Had Trainor broken through post 2018, she likely would have crumbled under her early critique. In 2015, the idea of being ‘cancelled’ was still only really parlance within the Black community, and hadn’t yet extended out into wider stan discourse, perhaps allowing her to persevere. But here in the UK at least, the hun is beloved for being slightly at odds with what is ‘popular’ or ‘trendy’; instead, she cuts her own ‘Live, Laugh, Love’ path through the world, cheerfully shrugging off the haters by simply “doing them”. A new mother and a master of down-to-earth social media, Megan Trainor has been steadily growing a TikTok following since the pandemic, drawn to her cute family clips, “am I right ladies?” moments and genuinely endearing (if badly lipsynced) enthusiasm for her female pop peers. At 28, Trainor is quite a young hun, but she still embodies the core elements of the culture; accessories that border on tacky, a penchant for musical theatricality, and good-girl Christian values. Like pumpkin spice lattes and Disney hauls and Jane McDonald At Sea, she is more than a little bit ‘basic’, but she leans into it, prioritising upbeat bops and a sunny-side-up disposition over state-of-the-world addresses or edgy ‘era’ concepts.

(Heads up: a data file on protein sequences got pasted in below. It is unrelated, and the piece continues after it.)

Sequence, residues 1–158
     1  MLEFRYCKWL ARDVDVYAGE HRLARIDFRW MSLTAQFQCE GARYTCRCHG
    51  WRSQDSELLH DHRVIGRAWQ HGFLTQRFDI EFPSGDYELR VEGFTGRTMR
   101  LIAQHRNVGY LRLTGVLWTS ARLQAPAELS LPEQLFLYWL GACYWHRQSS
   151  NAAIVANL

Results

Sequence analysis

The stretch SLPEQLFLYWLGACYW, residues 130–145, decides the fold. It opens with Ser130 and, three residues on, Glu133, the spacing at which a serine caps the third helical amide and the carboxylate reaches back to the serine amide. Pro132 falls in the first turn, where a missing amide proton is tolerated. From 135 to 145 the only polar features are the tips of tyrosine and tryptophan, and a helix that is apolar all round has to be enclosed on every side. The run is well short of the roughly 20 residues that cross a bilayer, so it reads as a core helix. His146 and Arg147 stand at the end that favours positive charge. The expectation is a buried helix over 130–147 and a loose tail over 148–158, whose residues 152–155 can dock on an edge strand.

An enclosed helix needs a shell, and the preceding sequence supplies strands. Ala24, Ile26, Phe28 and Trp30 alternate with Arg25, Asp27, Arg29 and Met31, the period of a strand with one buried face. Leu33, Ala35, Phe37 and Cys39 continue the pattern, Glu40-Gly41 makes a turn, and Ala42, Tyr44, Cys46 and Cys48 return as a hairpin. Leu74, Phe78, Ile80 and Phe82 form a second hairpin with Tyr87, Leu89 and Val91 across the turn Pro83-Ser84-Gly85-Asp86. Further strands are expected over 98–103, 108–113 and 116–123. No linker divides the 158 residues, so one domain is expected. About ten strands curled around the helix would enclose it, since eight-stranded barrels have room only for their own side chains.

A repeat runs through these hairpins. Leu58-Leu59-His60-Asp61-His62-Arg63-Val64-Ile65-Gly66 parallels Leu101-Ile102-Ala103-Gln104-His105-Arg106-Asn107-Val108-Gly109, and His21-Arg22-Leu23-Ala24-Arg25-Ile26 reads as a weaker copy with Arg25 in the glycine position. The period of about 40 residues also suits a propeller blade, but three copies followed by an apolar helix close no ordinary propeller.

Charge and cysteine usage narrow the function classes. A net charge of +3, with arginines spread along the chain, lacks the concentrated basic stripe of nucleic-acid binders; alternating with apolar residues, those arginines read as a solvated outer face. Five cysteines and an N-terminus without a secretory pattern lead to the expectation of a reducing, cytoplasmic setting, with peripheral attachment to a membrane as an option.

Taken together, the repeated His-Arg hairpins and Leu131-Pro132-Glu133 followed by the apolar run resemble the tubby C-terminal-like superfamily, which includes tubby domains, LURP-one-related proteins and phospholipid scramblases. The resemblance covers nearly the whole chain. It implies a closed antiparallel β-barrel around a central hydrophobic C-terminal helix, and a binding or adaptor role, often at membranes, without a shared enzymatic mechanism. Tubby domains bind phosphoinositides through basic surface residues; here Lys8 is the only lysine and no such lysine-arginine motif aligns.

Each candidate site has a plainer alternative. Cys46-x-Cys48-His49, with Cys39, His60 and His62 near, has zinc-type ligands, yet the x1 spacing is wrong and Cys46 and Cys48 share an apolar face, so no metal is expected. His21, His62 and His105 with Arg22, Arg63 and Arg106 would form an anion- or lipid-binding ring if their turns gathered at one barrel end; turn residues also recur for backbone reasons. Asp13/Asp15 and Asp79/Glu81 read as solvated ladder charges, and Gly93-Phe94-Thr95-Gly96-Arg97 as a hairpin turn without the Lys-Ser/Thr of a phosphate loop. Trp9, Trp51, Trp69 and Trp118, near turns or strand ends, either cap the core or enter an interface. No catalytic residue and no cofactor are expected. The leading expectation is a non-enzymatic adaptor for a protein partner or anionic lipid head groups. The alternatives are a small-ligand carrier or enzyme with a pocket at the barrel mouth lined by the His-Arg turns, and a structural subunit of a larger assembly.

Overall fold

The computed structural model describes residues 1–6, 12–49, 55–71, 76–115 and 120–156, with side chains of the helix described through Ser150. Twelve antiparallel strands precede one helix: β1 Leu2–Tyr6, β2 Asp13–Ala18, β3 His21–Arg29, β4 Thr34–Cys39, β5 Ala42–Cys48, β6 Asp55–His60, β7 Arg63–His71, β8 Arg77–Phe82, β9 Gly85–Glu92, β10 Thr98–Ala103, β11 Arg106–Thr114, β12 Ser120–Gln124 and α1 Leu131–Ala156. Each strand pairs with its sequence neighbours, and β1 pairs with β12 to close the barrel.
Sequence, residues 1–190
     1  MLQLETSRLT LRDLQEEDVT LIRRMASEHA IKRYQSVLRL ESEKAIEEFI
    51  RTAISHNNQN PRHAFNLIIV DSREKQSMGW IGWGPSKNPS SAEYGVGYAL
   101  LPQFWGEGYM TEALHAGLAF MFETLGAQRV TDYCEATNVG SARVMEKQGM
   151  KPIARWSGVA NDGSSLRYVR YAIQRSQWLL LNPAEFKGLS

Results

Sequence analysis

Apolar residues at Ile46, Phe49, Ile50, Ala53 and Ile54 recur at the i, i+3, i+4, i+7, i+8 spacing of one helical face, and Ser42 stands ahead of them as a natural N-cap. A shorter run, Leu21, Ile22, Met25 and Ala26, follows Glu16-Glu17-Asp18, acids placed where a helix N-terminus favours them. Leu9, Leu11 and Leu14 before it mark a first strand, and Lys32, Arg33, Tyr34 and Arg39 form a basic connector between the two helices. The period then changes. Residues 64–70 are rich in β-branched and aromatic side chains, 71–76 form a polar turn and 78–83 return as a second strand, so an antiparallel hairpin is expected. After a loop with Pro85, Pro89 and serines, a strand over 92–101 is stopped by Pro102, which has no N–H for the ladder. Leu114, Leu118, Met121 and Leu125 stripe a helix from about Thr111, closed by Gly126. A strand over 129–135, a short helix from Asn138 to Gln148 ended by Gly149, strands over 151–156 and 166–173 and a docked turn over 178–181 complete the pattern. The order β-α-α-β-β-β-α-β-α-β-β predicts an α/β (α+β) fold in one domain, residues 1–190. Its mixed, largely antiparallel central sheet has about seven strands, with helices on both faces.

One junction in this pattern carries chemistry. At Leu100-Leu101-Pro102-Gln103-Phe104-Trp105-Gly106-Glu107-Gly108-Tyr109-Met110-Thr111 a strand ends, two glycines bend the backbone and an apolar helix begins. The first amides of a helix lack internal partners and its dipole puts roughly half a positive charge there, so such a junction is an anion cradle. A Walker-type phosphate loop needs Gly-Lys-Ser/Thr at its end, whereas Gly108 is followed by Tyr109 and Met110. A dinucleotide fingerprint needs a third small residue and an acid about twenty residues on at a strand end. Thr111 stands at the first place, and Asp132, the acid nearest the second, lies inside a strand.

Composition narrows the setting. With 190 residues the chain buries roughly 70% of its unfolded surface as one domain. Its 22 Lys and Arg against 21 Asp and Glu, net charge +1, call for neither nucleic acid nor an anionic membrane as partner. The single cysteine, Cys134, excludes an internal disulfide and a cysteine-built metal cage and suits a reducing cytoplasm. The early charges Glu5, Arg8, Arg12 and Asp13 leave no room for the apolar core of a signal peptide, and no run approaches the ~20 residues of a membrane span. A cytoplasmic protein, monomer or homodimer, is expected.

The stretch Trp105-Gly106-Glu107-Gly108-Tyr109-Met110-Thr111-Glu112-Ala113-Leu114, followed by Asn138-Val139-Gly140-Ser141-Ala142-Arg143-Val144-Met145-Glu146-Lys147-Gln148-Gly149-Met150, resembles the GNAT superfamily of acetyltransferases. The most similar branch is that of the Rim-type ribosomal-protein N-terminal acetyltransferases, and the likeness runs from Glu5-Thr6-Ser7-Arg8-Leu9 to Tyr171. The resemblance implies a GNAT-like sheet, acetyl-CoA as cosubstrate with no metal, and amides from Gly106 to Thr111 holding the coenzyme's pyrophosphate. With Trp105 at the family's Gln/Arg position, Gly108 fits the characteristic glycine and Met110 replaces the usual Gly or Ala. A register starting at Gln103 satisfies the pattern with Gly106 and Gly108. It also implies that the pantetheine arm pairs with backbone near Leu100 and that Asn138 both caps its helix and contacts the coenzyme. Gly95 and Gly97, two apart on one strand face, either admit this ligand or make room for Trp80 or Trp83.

If you’re looking for a catchy tune with a dance routine that the average person can actually copy, Trainor may well be your gal. She describes ‘Takin’ It Back’ as a personal throwback, avoiding the R&B experimentalism of her middling albums and paring it right back to the shoop-shoop pop of her debut. Lead single, ‘Make You Look’ picks up almost exactly where ‘All About That Bass’ left off; the ponytails are high, the sequins are sequinning, and the glee club is well and truly open, with a chorus that lists all the material goods that she doesn’t need to impress. With her penchant for Jojo Siwa neons (not to mention that Candy Crush collaboration for ‘Made You Look’), it’s easy to imagine Megan Trainor being played at kids’ birthday parties without upsetting too many parents. Like Lizzo, she acknowledges the power of catering to this market, and works hard to split the difference with her own musical impulse.